Richardson Says Withdrawing Nomination Was 'My Idea'

New Mexico Gov. Bill Richardson insisted Monday that he was not pushed out of Barack Obama's administration, one day after he withdrew his nomination to be the next commerce secretary. 

"It was my idea to withdraw," Richardson said when asked whether Obama's transition team pressured him to drop his nomination out of concern for the federal investigation into how his political donors landed lucrative transportation contracts in his state. 

The governor, speaking publicly for the first time about the sudden move, stood by his claim that he only took his name out of the running because he was concerned the investigation would last longer than he originally anticipated. The inquiry centers on CDR Financial Products, which won state contracts for $1.48 million. 

"I had hoped that the CDR investigation would have concluded in December with a clean bill of health for my administration," Richardson said. "Since the investigation was not finished in December and, as long as the CDR investigation is ongoing, I made the decision to withdraw as the president-elect's nominee for commerce secretary rather than ask for a delay in my appointment." 

Richardson read from a prepared statement but wouldn't address the grand jury that is looking into possible "pay-to-play" dealings. 

The Democratic governor said he didn't want to jeopardize the process by commenting on the investigation. He said he has "faith in the criminal justice process, and we must allow it to run its course." 

He said his attention will be on New Mexico and the upcoming legislative session and encouraged the national picture to focus on people who are losing jobs, savings and their homes in this country. 

"That's the real tragedy. You know, mine is minor compared to that," Richardson said.

The New Mexico governor created a gap in Obama's mostly smooth and speedy transition process when he backed out of the Cabinet.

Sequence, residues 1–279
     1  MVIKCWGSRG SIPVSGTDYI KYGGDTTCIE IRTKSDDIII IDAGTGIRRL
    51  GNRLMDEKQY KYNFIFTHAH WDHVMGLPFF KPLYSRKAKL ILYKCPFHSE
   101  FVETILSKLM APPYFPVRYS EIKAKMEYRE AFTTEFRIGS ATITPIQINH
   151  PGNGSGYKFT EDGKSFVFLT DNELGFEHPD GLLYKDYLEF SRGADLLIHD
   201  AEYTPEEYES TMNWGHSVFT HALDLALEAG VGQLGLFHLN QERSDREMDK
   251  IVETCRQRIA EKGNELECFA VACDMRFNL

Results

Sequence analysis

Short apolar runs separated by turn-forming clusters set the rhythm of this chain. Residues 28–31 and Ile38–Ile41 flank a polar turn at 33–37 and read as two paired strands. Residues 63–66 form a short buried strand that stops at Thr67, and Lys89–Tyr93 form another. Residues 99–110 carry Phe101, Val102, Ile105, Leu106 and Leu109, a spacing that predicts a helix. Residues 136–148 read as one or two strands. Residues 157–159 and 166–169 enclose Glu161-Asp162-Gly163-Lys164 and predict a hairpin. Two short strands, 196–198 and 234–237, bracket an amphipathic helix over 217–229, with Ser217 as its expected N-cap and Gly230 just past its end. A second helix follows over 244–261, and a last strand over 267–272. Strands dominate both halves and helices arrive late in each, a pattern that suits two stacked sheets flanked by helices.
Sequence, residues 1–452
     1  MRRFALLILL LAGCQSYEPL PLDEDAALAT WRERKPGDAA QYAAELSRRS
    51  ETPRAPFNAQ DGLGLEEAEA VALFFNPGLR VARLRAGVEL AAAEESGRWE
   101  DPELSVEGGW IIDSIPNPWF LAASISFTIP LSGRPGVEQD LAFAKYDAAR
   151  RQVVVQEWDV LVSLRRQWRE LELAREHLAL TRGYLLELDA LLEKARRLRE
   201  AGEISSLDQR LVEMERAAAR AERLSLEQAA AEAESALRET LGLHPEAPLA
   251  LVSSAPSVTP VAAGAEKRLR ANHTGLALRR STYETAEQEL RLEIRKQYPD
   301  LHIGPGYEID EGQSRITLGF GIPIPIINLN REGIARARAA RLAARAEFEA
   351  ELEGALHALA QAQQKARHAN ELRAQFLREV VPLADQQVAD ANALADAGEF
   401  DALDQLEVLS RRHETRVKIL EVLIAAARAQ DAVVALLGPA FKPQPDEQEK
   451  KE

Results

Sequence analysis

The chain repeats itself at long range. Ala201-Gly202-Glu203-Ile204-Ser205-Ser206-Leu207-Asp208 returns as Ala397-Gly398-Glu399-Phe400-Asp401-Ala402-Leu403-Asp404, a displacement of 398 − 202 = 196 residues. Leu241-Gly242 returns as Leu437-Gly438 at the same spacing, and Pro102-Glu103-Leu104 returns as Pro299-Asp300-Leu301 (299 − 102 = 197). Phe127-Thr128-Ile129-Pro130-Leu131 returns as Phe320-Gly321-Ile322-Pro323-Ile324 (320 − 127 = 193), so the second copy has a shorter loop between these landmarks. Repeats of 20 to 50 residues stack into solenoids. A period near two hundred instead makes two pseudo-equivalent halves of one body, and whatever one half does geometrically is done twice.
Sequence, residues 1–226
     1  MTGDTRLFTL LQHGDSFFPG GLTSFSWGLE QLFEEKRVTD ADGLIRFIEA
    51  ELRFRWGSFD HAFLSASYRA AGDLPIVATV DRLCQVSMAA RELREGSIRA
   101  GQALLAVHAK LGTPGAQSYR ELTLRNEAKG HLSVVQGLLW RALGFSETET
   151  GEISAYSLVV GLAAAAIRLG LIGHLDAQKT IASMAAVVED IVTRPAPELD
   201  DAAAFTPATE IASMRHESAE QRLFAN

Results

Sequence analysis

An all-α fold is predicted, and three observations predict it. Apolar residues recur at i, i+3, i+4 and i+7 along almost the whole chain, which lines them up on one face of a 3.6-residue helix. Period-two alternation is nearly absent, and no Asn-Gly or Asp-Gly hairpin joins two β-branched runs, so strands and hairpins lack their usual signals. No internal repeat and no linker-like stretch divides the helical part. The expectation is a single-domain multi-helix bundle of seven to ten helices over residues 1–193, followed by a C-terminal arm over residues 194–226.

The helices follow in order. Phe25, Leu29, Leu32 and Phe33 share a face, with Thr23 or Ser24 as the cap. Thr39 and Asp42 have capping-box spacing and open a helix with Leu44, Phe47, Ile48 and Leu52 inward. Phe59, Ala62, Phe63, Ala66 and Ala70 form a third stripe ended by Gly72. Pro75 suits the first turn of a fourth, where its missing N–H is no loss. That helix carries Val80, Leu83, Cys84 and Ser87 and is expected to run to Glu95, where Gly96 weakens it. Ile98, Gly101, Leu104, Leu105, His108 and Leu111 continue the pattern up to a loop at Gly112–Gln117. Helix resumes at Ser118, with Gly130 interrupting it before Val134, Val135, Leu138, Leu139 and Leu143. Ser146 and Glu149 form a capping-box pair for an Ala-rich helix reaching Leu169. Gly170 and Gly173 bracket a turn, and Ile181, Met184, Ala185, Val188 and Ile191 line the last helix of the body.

Richardson, who insists he'll be cleared of wrongdoing, issued a written statement Sunday saying the inquiry would force an "untenable delay in the confirmation process."  

But the withdrawal raises questions about how much Obama's transition vetting team knew about the severity of the investigation before the president-elect announced Richardson as his commerce pick on Dec. 3. 

A senior Obama adviser said Richardson gave assurances before he was nominated last month he would come out fine in the investigation. But as the grand jury pursued the case, it became clear that confirmation hearings would be delayed at least six weeks until the investigation was complete, said the adviser, speaking on condition of anonymity about the discussions because they were private. 

Aides to both men insisted Richardson made the decision to withdraw and was not pushed out by Obama. But one Democrat involved in discussions over the matter said transition officials became increasingly nervous during the last couple of weeks that the investigation could become an embarrassment to Obama, who ran on a clean government pledge. 

The New Mexico investigation would be the second "pay-to-play" inquiry that has touched the Obama transition process. 

Just a few days after Richardson was nominated, Illinois Gov. Rod Blagojevich was arrested on federal corruption charges and accused of trying to sell off Obama's vacant Senate seat and engage in other "pay-to-play" schemes. Obama and his aides have not been implicated in that case, but the issue has created a distraction for the president-elect as he tries to negotiate a new economic stimulus proposal in the run-up to taking office. 

Richardson spokesman Gilbert Gallegos said the governor believed the investigation would be resolved by this time, but decided to withdraw when it became clear it would not. 

The Associated Press contributed to this report.